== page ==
Private Keys, the KeyStore and Encryption
In my last post I covered the topic of digital signatures. And I wrote a servlet that used the certificate form the trust store to verify them. In this post I will cover encryption. And the private keys stored in the key store used to decrypt data.
If you recall, Jane was sending Deepti signed messages. But Jane is busy. So she signs her messages, and asks Jay they intern to send them. The signatures ensure that Jay will not be able to change the message. And prove to Deepti that it originated with Jane. But Jay is nosy and he likes to read those messages. How do you ensure privacy? A problem that dates back to ancient Egypt.
The concept is simple. You scramble the message such that it becomes gibberish. Except to the person who knows how to unscramble it. That is the person "with the key". It could be a simple cipher like ROT-13. Or a symmetric key algorithm where both parties share the same key. Or in the case I will be talking about, asymmetric cryptography with private & public key pairs.
When signing messages, Jane generates a hash of the file. And then encrypts the hash. On the receiving end, Deepti decrypts the signature using Jane's public key. And then verifies the hash.
Encryption is the opposite of that signature process. Jane is still sending the message. But the contents of the message are now encrypted with Deepti's public key.
Deepti needs to generate a private/public key pair.
Deepti will distribute the key via an x509 certificate.
Jane will verify the validity of the certificate.
Jane encrypts messages with it.
Only Deepti will have the private key to decrypt them.
We will build upon the servlet that verifies signatures to decrypt data. In the same way the SAML handler would decrypt SAML responses.
Create a Public & Private Key Pair
First, Deepti needs to create a public/private key pair. It would be nice if she could create a CSR and get that signed by a CA. But like Jane she is on a budget. Self-signed certificates it is!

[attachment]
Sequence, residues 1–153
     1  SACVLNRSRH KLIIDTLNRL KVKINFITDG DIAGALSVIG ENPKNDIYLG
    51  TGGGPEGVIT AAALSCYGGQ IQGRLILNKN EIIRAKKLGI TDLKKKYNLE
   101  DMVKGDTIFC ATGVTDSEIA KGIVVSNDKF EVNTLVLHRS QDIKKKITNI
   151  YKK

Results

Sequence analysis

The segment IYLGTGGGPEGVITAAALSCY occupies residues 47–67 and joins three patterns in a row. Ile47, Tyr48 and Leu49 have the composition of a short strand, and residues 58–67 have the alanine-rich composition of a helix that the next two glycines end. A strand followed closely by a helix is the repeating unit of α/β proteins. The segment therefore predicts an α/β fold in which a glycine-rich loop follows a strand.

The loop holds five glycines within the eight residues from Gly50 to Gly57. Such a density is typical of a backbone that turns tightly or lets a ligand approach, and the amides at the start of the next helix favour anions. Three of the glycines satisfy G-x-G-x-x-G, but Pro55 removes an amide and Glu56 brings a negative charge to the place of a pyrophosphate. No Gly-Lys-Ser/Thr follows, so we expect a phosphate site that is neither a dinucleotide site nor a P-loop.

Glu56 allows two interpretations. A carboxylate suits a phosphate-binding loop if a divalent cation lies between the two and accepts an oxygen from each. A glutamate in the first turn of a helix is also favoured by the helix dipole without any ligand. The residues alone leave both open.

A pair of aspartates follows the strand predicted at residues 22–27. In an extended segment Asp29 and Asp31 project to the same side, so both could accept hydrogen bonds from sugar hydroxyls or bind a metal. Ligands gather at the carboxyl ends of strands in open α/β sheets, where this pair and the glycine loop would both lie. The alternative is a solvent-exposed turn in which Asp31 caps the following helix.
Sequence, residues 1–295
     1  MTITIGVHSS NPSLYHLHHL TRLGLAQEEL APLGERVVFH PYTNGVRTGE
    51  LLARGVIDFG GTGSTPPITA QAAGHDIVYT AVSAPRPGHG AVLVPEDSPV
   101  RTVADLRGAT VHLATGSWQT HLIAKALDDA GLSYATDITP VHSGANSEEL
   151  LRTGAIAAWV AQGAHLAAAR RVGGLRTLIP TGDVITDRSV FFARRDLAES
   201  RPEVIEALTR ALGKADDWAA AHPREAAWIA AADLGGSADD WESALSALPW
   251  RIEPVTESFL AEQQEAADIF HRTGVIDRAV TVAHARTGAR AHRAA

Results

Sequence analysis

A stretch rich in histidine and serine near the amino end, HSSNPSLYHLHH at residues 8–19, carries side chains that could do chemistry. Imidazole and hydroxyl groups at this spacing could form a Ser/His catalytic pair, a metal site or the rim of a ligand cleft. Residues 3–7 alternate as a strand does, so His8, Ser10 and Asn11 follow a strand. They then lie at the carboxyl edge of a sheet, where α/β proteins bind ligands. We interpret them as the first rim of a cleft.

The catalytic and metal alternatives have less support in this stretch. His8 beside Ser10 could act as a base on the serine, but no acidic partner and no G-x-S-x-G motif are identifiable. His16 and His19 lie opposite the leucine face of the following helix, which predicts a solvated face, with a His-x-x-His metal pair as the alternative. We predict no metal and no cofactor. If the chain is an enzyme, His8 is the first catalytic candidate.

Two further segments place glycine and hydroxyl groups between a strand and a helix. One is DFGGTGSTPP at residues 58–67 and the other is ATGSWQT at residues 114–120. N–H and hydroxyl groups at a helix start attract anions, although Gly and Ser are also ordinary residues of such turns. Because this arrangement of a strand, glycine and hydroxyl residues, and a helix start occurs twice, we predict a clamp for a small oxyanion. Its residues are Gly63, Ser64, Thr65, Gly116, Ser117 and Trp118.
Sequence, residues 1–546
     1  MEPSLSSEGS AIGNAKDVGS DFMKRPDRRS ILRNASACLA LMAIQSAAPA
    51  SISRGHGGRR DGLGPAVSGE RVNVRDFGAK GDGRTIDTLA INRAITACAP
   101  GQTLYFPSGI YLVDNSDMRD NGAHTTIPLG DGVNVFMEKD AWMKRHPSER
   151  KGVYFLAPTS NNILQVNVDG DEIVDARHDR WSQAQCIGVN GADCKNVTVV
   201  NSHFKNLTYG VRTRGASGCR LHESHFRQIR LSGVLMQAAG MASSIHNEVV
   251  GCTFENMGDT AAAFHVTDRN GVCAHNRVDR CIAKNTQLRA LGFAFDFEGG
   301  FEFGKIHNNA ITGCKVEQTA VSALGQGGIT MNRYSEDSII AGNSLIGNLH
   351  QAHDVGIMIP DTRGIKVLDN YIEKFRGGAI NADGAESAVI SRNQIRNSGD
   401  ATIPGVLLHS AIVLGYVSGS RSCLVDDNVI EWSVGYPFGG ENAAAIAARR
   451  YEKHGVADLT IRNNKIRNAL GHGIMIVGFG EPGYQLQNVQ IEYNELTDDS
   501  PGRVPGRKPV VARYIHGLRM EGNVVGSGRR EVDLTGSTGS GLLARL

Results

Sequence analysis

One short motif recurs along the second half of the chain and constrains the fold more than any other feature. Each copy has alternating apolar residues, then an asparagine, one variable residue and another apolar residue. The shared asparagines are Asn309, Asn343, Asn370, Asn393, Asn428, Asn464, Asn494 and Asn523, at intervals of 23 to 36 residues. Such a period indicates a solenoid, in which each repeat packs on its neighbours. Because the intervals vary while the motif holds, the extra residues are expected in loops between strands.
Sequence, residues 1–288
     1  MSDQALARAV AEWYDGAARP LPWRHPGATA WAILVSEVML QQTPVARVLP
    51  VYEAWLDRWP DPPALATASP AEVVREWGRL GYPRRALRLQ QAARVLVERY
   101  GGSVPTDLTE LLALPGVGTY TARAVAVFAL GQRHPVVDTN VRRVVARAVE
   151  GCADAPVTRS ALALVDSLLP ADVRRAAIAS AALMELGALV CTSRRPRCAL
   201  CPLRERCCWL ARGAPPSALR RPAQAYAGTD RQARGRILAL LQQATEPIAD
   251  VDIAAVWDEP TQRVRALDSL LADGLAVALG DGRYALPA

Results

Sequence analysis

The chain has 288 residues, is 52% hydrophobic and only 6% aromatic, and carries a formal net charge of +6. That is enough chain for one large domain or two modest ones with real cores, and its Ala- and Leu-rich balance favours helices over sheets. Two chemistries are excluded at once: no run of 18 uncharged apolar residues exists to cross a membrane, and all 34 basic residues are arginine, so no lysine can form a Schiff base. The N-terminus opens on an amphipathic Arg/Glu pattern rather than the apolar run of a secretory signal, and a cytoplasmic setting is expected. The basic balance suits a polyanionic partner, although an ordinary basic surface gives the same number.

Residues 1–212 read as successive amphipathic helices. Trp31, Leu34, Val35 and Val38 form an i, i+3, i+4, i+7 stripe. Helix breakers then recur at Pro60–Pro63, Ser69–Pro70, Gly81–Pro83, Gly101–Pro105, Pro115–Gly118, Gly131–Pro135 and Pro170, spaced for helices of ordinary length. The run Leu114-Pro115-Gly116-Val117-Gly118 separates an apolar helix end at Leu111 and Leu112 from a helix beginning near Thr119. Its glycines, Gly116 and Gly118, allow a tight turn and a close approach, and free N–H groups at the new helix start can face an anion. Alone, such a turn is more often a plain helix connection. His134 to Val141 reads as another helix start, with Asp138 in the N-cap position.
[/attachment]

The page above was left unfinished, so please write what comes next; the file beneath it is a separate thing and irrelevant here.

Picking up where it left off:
Deepti gets prompted for a password to protect the private key. And then she will send the certificate deepti_certificate.pem to Jane.
Encrypt Messages With The Public Key
Once Jane has created and signed the message, she will now encrypt the message before sending it.
Like before, Jane will send the signature. Instead of the clear-text message, she will send the encrypted one. Or ask Jay to send it for her. Jay will never have access to the clear-text message.
Add Private Key to Key Store
Deepti needs to upload her private key to a secure place where her code can get at it. Her code will need it to decrypt messages encrypted with the public key.
In AEM, this would be in a key store. And key stores belong to users. In the case of the SAML handler, the key store belongs to the authentication-service user.
Up until now the private key has been password protected. Now Deepti needs to export the private key and certificate into a PKCS#12 file.
You will get prompted for the password that is protecting the authentication-service key. And a new password to protect the PKCS#12 export. Use the same password. Now you can safely transport the key and certificate as needed.
Navigate to Tools -> Security -> Users. Locate the authentication-service account. Click on the Keystore tab and generate a keystore if you have not done so already.
Use the second option ADD PRIVATE KEY FROM KEYSTORE FILE. Upload the PKCS#12 file containing the private key and certificate. Here you will be able to create a new alias i.e. message.receiver. AEM will take the private key and certificate from the uploaded PKCS#12. Then add them to the user's own keystore.
Receive, Decrypt & Verify
Like before, Deepti's endpoint will receive the message and verify the signature. Now she needs to update the servlet to decrypt the message before verification.
I am using Groovy here because its more fun 😊. If it piques your interest, check out my post on how to set it up in your AEM project.
The decrypt method is new here. The verification process relied on the Trust Store. The decryption relies on the Key Store, and the private key Deepti had stored in it. To get it, you will need its alias and password.
Signatures and encryption go hand-in-hand. They make up the basic building blocks of SAML 2.0 and OAuth 2.0, HTTPS. Understanding signatures and encryption will help you understand these protocols. And how they help authenticate and authorize users on the web.